The family of Trayvon Martin has settled a wrongful death lawsuit they filed against the homeowner’s association where neighborhood watchman George Zimmerman shot and killed the 17-year-old on the night of February 26, 2012. This lawsuit is separate from the one the family plans to file against Zimmerman, who is currently awaiting trial for second degree murder.
The case ignited a firestorm of media coverage and allegations of racism. Zimmerman claims he was acting in self-defense that evening at The Retreat at Twin Lakes, a gated community where Martin was staying with his father, only a few short steps away from where he was shot.
Zimmerman was bleeding from the nose and the back of his head when police arrived on the scene. After being treated for his personal injuries, he was taken to the Sanford Police Department, a suburb of Orlando, and detained for approximately five hours. He was released without charges.
As details and questions about the circumstances of the incident emerged, public unrest and speculations of a racist motivation on Zimmerman’s part grew, until finally a Special Prosecutor was appointed, and charged him with second degree murder on April 11, 2012. Zimmerman has pleaded not guilty, and is currently free on a $1 million bond while awaiting his trial.
Todd Miner has tried similar cases against both entities and individuals. According to The Orlando Sentinel, the wrongful death award exceeds $1 million, but the exact amount Trayvon Martin’s family will receive was not disclosed. A wrongful death lawsuit can be filed against any group proven liable for such loss of life, in this case the homeowner’s association which hired George Zimmerman in the first place.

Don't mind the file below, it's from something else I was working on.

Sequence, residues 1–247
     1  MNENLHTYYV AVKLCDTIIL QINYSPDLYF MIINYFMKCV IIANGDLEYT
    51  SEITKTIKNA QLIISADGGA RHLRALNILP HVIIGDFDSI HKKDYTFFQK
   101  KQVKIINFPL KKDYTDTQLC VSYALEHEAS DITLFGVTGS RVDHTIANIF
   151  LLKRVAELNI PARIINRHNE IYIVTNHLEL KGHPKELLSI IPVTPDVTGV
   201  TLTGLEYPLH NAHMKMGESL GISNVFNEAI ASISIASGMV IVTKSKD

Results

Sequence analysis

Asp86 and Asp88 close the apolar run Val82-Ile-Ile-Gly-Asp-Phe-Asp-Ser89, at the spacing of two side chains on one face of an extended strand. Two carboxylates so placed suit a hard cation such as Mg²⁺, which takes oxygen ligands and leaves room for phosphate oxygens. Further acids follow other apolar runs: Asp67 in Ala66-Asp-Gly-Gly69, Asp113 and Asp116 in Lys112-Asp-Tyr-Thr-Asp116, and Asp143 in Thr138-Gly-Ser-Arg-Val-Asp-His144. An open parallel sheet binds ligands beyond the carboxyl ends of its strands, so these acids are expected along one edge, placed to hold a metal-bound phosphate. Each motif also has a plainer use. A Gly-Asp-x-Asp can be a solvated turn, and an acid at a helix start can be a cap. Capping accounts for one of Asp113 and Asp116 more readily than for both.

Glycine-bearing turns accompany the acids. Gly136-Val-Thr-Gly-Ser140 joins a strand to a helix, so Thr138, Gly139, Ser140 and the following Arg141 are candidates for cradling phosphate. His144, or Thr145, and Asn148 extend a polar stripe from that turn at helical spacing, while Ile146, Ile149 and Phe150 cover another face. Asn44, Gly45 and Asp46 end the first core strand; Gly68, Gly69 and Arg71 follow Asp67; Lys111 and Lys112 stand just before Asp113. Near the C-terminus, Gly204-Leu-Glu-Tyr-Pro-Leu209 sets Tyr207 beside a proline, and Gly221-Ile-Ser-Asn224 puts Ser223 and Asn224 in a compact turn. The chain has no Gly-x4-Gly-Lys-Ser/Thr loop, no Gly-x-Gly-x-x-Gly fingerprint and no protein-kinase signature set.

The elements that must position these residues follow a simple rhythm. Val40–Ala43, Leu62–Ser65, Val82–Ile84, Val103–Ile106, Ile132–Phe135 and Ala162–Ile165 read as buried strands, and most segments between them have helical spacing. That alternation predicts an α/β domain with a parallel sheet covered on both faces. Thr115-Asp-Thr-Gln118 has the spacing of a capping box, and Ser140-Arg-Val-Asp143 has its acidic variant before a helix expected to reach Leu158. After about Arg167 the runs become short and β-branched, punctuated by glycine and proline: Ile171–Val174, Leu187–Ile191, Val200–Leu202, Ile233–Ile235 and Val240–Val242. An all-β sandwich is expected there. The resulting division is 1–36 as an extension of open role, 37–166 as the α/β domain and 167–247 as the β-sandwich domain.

The fact that the suit was filed and has already been settled, well before the murder trial has taken place, is illustrative of the differences between civil and criminal courts. The threshold of guilt in a civil trial, such as a personal injury or wrongful death trial, is lower. What is known as a “preponderance of evidence” is adequate in most cases. In a criminal case guilt must be proven “beyond a reasonable doubt”, which is a phrase with which most of us are quite familiar. A personal injury case can be settled either through monetary relief or equitable relief, wherein the plaintiff asks that the court order the defendant to change a behavior rather than pay a fine.
Todd Miner has more than 20 years of experience with personal injury, wrongful death, medical malpractice, nursing home negligence and other types of cases which justify strong advocacy for a victim in civil court. Call Todd today for a free evaluation of your case!